In just two short years fishing full time, Duane “Dewey” Hjelm has established himself as arguably the most dominant pro angler on the National Walleye Tour. In 2022, Hjelm went on an unprecedented run during the NWT’s final three events where he finished second, first and second. His season culminated with the NWT Angler of the Year, widely considered the most coveted award in walleye fishing. If the first three events of 2023 are any indication, Hjelm’s streak isn’t over yet.
After taking second at the season opener on the Illinois River, Hjelm “survived” with a 22nd-place finish on Wisconsin’s Lake Winnebago. Last week, the NWT visited Hjelm’s home state of South Dakota. While the newest member of the Rapala® Pro Staff considers Lake Oahe his home water, the season’s third tournament launched downstream on Francis Case, a 107-mile Missouri River reservoir. Nonetheless, Hjelm adapted to the shad forage base and reasserted his Dakota dominance. For his third NWT victory, Hjelm earned a prize package valued at over $95,000.
Dominant Angler, Dominant Lure
The common denominator between his last two wins is the Rapala® Jigging Rap®, Hjelm’s favorite bait.
“That’s how I won the NWT last year at Green Bay too,” quipped the 35-year-old. “It’s crazy how much money I’ve won on that bait. Going into this tournament, I pretty much knew that’s what I was going to do; it’s my favorite style of fishing. I love casting at individual fish with my ActiveTarget. In slot tournaments like this one, you don’t cast to small fish. You have to be picky. You’re literally casting at only the marks you need to catch.”
With surgical precision, Hjelm would quickly drop down the No. 7 Jigging Rap®, attempting to nearly hit the walleyes on the head. This is the beginning of his fast, aggressive strategy, a strategy that lies in stark contrast with his easygoing, almost stoic personality.
“I was mainly fishing trees, but instead of targeting the larger groups of trees that go on for miles, I was looking for more individual trees that weren’t as pressured. When I’m fishing the Jigging Rap® in the trees, I’m going after it. One out of 10 times they will hit right on the fall. If that doesn’t happen, I’ll give the rod a couple pops to keep the bait above the fish.”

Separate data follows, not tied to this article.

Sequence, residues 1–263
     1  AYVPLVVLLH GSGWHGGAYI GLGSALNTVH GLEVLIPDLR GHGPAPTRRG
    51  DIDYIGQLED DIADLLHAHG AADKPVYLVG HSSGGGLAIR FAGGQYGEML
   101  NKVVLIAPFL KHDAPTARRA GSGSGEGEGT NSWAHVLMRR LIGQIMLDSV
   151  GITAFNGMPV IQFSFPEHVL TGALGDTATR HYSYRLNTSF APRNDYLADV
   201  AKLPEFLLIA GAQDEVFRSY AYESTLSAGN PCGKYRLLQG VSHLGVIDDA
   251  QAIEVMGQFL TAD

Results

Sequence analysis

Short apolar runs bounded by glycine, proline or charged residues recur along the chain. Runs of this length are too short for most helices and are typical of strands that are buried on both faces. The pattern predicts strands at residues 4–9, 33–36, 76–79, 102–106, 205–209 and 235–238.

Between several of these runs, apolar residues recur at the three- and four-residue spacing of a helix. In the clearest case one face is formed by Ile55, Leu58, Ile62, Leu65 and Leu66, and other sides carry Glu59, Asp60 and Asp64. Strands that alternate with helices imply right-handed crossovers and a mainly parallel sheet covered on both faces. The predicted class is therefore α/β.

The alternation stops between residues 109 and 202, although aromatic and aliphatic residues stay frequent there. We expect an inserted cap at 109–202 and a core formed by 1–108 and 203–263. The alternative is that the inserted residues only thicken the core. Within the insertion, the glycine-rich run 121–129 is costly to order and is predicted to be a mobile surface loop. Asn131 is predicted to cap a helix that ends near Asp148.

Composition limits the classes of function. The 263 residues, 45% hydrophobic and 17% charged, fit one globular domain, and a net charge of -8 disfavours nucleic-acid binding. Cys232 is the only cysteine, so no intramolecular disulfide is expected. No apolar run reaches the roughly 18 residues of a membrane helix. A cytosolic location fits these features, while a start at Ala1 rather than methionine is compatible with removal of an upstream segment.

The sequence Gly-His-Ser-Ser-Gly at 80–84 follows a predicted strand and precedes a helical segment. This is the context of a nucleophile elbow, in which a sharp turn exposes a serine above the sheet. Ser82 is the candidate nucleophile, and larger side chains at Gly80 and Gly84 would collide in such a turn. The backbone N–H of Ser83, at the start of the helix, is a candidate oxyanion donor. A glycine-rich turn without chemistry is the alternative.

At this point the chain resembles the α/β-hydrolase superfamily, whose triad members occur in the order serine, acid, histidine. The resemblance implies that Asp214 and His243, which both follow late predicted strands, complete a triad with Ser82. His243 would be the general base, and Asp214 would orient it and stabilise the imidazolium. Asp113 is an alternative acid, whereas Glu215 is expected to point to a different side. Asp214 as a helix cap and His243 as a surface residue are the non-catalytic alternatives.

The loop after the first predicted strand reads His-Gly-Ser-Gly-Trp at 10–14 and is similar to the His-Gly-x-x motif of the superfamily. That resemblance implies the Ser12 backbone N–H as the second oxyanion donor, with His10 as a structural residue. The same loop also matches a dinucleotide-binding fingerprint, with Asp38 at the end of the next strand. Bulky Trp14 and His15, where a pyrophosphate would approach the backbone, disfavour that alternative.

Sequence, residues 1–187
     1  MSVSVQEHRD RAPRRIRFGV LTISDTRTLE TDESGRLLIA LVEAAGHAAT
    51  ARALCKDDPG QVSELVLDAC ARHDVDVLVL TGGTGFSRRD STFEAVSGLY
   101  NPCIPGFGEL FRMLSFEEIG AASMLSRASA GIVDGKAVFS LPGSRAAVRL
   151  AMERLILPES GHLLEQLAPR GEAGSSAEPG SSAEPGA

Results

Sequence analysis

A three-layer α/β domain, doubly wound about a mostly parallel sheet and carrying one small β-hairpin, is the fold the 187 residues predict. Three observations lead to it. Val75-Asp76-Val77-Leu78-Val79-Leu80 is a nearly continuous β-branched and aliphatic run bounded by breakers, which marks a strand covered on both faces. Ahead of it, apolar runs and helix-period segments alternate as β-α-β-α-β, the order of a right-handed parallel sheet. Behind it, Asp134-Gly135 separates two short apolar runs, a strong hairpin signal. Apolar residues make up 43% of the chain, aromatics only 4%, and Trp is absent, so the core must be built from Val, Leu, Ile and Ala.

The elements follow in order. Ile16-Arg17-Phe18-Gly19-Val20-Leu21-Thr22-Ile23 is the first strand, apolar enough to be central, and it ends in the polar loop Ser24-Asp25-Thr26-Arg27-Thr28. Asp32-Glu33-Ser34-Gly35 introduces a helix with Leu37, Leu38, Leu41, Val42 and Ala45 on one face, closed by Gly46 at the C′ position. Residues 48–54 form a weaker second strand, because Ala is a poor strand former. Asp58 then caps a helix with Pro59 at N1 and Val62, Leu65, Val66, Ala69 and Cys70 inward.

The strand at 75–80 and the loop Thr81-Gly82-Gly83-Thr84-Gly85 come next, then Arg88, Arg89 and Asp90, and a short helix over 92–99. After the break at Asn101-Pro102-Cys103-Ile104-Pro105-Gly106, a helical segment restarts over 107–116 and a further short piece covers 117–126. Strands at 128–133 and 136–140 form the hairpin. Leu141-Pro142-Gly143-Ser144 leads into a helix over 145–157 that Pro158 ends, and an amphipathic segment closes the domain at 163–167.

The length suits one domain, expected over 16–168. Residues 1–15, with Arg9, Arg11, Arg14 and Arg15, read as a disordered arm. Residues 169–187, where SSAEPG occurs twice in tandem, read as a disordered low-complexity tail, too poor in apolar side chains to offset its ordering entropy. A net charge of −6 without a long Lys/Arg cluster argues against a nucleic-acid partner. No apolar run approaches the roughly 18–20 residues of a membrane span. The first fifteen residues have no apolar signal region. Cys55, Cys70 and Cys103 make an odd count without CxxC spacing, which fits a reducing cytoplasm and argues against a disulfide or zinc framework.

Gauging the temperament of the Francis Case walleyes with his electronics, Hjelm realized the traditional Jigging Rap® snap wasn’t the ticket.
“I adjusted to a longer, 3-foot pull. It was more of a pull (on the rod) than a snap, just to keep it in front of their face. They didn’t really want to chase it; they did not like the keep-away game this week.”
Hjelm would start each morning towards the back of a creek not far from takeoff. When he arrived, the walleyes would be suspended as shallow as 15 feet. Later in the day, they would slip out to 30 or even 40 feet. Hjelm would also sample a main-lake hole that consisted of a 35-foot cup between two points. While the creek accounted for more of his fish, the cup produced his pivotal 25-inch kicker. The No. 7 was clearly his bread and butter, but he occasionally dropped down a No. 9 Jigging Rap® for a faster fall.
“Under cloudy conditions, I used the more neutral and more pearl-type colors. Helsinki Shad and Pearl White were two of my best colors. When the sun would come out, I would switch to Chrome Blue. The creek had dingier water, so when I was back there I would use Glow Green Tiger and Glow Slimy Lime.”
Minor Mods, Major Results
Hjelm also made two minor, yet important modifications.
“On just about all my Jigging Raps®, I would swap out the bottom hook and add a No. 6 VMC® Bladed Hybrid treble, the ones with the willow blade that rotates. The other thing I did was connect my baits with the CRS Crankbait Snap. I like those snaps because I change out colors a lot, but it also allows that bait more freedom, which optimizes its action.”
Hjelm’s main line was 10-pound Sufix® 832® Advanced Superline® in Low-Vis Green with a 6-foot, 14-pound Sufix® Advance® Fluorocarbon leader.
Fellow Rapala® Pro Staffer Dylan Nussbaum also found success with the Jigging Rap®. Nussbaum, who finished second, targeted his unders by dancing the No. 9 Jigging Rap® in deep water, just above the timber. For his walleyes over 20 inches, the young Pennsylvania pro went shallow, opting for a 3/8-ounce VMC® Neon Moon Eye Jig with a fluke-style soft plastic.
With two events left on the 2023 NWT schedule, Hjelm is once again perched on top of the Angler of the Year standings. With 578 points, he holds a 21-point lead over Minnesota pro John Hoyer, his close friend and travel partner, while Nussbaum sits third with 551 points. To date, no NWT pro has ever claimed back-to-back AOY wins.
“I will admit that Angler of the Year has popped into my head, but I honestly don’t want to think about it,” concluded Hjelm. “I don’t want to put any more pressure on myself. We still have two tournaments, and both should be fun, summertime events with aggressive walleyes. I can’t wait to get back out there.”